Concerning the divine simplicity: the doctrine applies to God's essence, or rather to His pure esse unlimited by any essence. This is not contradicted by the Trinitarian doctrine, which does not deny but affirm that there is just one single undivided divine esse or essence. Multiplying the existences of God goes explicitly against the naturally knowable fact of the simplicity of God's essence. Multiplying persons with explicit affirming the unity of existence does not. It may perhaps be shown that it implicitly entails multiplication of essences, but this requires a proof - the doctrine cannot be dismissed just out of hand as explicitly denying God's simplicity (in the relevent sense, i.e. in the only sense that is accessible to purely natural reflexion) while it is in fact explicitly asserting it.

Dear Bill,

I have written my previous comment before your last one arrived. Having looked up "curt" in a dictionary (always learning) - no, certainly you have not been curt. It happens to me often when I am trying to keep it clear and short, so I too hope I did not sound nasty... I agree that our discussion becomes repetitive and unproductive, but I will perhaps drop a comment occasionally for others, or if explicitly challenged :-) I hope your thoughts about Prague will yield a positive result!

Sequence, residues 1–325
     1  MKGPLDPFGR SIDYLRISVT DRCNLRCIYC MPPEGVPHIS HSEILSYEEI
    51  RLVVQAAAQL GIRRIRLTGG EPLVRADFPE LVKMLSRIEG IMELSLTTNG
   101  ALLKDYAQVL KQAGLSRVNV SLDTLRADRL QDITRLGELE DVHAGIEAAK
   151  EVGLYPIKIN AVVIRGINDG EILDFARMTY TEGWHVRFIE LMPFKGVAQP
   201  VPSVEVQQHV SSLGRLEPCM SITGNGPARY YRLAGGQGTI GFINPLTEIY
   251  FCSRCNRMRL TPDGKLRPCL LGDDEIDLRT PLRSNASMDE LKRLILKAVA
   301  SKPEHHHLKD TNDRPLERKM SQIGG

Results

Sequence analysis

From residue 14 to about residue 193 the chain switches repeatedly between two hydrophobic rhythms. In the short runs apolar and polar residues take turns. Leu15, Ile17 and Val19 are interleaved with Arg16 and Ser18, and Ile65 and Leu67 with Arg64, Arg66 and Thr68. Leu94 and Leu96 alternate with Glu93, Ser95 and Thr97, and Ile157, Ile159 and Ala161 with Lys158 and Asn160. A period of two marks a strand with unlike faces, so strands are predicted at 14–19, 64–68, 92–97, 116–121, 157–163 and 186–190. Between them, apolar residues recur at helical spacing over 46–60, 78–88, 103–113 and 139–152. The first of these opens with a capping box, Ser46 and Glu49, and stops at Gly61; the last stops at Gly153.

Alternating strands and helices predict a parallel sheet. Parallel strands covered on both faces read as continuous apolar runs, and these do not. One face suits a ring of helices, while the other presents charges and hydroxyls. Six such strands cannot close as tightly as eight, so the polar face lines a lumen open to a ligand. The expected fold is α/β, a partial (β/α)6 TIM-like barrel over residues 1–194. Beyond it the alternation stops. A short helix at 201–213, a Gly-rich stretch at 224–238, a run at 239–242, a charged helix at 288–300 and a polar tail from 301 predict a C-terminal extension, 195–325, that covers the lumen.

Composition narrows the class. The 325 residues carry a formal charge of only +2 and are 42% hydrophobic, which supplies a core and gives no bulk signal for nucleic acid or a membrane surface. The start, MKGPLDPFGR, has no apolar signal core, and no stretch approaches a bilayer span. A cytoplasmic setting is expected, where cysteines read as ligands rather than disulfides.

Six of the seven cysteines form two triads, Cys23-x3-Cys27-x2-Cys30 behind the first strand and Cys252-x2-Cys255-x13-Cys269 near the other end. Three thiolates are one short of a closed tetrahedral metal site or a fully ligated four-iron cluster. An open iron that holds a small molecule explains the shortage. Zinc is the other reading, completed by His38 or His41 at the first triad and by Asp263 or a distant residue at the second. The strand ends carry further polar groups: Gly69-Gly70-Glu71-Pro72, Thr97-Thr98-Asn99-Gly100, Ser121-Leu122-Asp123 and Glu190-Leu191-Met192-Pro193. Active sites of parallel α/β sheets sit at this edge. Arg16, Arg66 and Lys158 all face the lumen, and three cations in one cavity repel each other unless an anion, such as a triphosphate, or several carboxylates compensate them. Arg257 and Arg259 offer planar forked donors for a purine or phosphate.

Sorry if I'm intruding once again on that topic. Since we all keep misunderstanding each other about the usage of some terms from the beginning of the debate on, wouldn't it be better to bring a brief clarification? To me, Lukas is just saying that, in the case of the Trinity (but not in ordinary mundane supposita), the existential predicate "to exist" refers to exaclty the same ontological constituent as the predicate "to be God", namely an exemplification of the sortal and natural kind "Godhood". From analytic ontology point of view though, Lukas's position sounds not only problematic but also relying on really extravagant ontological commitments: